Cloud Infrastructure crucial to ISVs
Over the past 10 years, the software industry of today without Software as a Service (SaaS) has become inconceivable In terms of growth, the cloud is a major enabler. Hardly surprising given that unlike the traditional “on-premise” model of developing and supplying software, the advantages SaaS offers independent Software Vendors (ISVs) seem endless.
According to IDC, SaaS services will account for over 60% of 2022’s total cloud turnover, as the driving force behind cloud growth. Almost half of SaaS turnover consists of infrastructure (IaaS) and platform (PaaS) services used by ISVs in developing, constructing and distributing their solutions. The speed, scalability and flexibility the cloud offers, as well as the underlying technology such as virtualisation and containers, have a significant impact throughout the software development process.
Vision on migrations
A McKinsey dossier from 2018, and still relevant today, described the process of transferring applications to the cloud in depth. The transformation and transition process an ISV must follow is by no means a simple “lift & shift”. This requires the software developer to have a clear understanding of topics such as traditional C/S software migrations, DevOps, Security and radical automation, to name but a few.
The ISV business model has also undergone change, with the SaaS model having had considerable impact on the application-software purchasing process. Whereas the “line-of-business executive” was once an influencer, he or she is now the “economic buyer”. This presents new opportunities and possibilities for ISVs, although requiring a different business model in which sales and marketing feature prominently. The “old days” of major software sales deals are now a thing of the past. The current subscription model obliges ISV to review its financial organisation. Companies are furthermore becoming much more demanding: seeking out an excellent user experience and extensive functionality. New functionality has to be available immediately, putting the ISV under pressure to properly streamline the development and release process as a whole.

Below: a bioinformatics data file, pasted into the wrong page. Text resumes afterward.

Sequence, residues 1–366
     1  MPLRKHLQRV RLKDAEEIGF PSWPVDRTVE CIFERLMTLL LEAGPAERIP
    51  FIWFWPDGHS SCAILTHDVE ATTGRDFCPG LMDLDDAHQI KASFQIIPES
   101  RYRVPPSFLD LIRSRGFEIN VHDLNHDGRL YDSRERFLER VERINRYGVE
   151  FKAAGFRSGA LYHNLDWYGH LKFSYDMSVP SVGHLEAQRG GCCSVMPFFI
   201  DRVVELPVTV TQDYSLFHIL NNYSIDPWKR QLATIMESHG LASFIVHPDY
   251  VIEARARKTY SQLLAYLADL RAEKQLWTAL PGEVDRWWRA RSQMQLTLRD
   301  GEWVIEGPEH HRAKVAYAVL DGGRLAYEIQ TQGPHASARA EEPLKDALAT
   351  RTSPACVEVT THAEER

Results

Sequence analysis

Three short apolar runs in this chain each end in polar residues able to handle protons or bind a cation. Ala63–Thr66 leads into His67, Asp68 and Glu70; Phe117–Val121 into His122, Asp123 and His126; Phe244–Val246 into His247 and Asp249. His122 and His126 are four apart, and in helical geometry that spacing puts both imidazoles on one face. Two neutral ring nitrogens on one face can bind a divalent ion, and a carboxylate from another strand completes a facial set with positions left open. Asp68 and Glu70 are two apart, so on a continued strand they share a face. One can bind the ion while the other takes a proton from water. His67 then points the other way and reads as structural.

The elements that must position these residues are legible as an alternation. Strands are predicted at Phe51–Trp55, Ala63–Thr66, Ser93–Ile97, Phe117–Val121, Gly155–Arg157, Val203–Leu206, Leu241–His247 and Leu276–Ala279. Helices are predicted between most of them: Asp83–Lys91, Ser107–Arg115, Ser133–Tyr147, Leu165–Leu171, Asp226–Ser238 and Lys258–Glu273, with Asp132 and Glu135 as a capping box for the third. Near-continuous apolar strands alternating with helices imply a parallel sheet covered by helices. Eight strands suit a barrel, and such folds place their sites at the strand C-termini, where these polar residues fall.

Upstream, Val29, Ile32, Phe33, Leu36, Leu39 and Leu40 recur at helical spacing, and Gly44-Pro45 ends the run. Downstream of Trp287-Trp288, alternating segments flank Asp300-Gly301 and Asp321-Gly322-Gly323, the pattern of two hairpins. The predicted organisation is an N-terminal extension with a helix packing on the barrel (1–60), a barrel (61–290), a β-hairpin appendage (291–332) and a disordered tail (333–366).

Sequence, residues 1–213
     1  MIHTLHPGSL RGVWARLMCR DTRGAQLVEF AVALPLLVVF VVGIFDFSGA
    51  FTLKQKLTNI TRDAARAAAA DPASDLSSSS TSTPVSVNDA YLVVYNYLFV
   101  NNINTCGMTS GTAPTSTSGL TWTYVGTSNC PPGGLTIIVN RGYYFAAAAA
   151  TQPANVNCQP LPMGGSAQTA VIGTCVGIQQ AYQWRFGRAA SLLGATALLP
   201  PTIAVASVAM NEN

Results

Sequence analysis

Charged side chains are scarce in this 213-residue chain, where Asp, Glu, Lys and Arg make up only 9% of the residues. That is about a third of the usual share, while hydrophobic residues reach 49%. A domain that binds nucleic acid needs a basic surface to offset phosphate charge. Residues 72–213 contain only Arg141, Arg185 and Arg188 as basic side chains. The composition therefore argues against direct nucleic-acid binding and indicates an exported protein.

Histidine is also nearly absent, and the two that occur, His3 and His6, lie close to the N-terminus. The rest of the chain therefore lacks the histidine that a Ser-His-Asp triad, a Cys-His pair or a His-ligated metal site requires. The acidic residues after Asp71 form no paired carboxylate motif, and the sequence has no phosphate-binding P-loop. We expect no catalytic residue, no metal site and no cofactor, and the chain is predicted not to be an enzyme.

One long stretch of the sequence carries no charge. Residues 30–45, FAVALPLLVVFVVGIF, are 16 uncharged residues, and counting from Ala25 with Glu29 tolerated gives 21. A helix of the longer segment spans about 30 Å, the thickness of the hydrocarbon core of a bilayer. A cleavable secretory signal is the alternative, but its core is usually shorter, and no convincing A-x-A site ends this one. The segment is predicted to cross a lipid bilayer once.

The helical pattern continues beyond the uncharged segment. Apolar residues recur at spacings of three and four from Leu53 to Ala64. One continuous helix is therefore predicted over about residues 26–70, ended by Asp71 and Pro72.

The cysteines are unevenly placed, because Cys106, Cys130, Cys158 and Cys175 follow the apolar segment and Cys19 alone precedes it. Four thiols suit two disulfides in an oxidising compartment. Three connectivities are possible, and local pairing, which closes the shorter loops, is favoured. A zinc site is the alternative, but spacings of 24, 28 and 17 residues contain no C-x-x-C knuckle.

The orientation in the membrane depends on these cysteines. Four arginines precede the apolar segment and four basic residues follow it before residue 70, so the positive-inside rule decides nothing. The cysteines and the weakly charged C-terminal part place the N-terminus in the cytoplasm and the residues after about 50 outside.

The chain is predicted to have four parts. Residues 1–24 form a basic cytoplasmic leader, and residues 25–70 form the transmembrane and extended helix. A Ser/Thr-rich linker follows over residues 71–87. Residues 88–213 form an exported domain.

Cloud infrastructure as an integral part of SaaS applications
These are the developments in the software industry making the difference between ISVs fully embracing the SaaS model and those still hobbling along painfully obvious. A difference discernible not just in growth and turnover, but also in KPIs, such as churn. All this makes implementing the SaaS model for ISVs both relevant as well as urgent. From C/S migration and on-premise implementation, to the cloud-native development of new applications.
The core of the ISV’s operational process is paramount: developing and delivering the functionality its customers demand. Technology and infrastructure are subservient. And there’s a catch; in the “as-a-service” model, the infrastructure has become an integral part of the solution influencing both the ISV operational process and its business model. This means their service has to incorporate cloud infrastructure, cloud security and cloud cost models in order to develop and offer this optimally. And preferably today, rather than tomorrow.
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